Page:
A celebratory shot here and there is fun but know this: Pounding drinks is the onramp to Blackout Highway, a hangover/shame spiral aftermath and eventually the possibility of alcoholism. Drinking is a privilege that should be treated with respect. Besides, alcohol truly tastes best when sipped.
7. Keep your paws off our stuff.
There are sharp objects and tons of glassware behind the bar, so your hands should stay on your own side! This applies especially to condiments. Don’t ever help yourself to fruit, olives or cherries. It’s true that bartenders reach in there with our bare hands but we wash those hands compulsively and consciously avoid touching our hair or face. I head straight to the sink after every high-five or fist bump.
You, on the other hand, just came back from having a cigarette. Do not touch. Period.
Every drink or food item we serve you should be rewarded with a tip. This includes water. Contrary to popular belief, bartenders don’t actually hate people who opt to drink water instead of alcohol -- just the ones who take up valuable real estate and don’t tip. Just because it didn’t cost you anything doesn’t mean it took any less effort on my part to get your water than say, pouring a glass of wine.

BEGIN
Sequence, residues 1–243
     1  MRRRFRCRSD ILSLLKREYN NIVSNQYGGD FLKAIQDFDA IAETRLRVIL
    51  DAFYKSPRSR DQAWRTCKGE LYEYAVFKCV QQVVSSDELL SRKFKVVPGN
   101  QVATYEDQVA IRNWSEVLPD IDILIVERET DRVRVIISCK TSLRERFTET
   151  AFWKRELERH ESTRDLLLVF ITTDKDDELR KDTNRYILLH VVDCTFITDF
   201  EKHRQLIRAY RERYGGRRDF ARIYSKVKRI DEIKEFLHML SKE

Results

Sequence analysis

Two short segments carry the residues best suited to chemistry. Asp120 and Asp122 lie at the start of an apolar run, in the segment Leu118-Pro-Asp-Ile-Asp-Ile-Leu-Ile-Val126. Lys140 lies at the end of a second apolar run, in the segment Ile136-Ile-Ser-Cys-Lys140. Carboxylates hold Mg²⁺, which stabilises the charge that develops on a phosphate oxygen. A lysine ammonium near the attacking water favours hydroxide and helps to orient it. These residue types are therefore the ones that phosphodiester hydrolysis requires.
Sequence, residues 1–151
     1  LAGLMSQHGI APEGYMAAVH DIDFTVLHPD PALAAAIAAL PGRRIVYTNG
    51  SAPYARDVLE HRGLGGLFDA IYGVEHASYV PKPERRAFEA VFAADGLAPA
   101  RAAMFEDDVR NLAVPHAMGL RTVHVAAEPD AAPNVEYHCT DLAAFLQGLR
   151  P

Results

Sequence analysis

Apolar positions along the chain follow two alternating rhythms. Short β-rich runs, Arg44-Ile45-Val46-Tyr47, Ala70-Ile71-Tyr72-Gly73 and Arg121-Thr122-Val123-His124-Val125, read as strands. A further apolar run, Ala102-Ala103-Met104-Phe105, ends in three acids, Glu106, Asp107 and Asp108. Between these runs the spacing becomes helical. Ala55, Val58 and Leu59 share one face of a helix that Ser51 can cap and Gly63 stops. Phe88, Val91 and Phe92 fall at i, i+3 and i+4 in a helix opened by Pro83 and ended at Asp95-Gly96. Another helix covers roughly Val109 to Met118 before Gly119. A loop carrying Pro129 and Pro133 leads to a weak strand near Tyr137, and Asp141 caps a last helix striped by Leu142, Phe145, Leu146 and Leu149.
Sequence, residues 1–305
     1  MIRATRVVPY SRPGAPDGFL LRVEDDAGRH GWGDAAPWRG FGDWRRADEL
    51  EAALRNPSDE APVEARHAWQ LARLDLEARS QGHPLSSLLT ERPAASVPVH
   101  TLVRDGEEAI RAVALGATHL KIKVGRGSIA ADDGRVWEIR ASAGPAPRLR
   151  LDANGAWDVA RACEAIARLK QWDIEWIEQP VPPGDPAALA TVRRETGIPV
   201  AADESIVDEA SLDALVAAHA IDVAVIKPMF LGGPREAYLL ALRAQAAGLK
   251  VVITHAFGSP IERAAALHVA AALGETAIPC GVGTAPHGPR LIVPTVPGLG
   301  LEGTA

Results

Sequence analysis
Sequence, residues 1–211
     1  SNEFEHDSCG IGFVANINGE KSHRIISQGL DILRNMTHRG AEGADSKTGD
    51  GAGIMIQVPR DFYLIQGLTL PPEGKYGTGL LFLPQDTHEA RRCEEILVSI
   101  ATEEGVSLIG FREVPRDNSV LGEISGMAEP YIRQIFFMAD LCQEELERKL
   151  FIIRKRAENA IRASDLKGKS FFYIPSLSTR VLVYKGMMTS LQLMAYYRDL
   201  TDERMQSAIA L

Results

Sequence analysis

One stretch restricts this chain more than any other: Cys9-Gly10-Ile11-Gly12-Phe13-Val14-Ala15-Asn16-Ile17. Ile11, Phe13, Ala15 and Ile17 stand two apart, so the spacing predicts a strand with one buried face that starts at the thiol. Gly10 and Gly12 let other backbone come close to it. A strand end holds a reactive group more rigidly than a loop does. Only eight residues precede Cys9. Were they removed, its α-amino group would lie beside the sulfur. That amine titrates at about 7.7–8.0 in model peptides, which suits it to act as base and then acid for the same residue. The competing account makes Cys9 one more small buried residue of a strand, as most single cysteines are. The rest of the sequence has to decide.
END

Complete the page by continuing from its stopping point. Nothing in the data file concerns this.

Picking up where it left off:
As far as the amount goes, the standard “dollar a drink” is fine but when you’re ordering complicated cocktails that require a lot of time and effort, bump it up accordingly. If you’re eating a full meal at the bar, 20% is the norm just as if you were dining at a table. While we certainly also appreciate kind words and compliments, if you really think we’re so great, put your money where your mouth is.
9. The first rule of getting a free drink is: You do not ask for a free drink.
On your birthday, it’s your friends’ job to buy you drinks, not mine. If you’re lucky enough to get one, tip on it. We don’t just give stuff away because we’re nice; it’s to increase our income or show appreciation for someone who has been loyal or generous. Even if we’re pals, you should always, always tip on a free drink.
10. Just be nice, OK?
The bartender is your friend. Most of us really like people and approach you with the best of intentions. We’re chock full of random information, give great advice and stellar first-date assessments. We make time to ooh and ahh over pictures of your dog, listen to your stories and keep a mental Rolodex of what you like to drink. All we really ask for in return is a few bucks and some respect.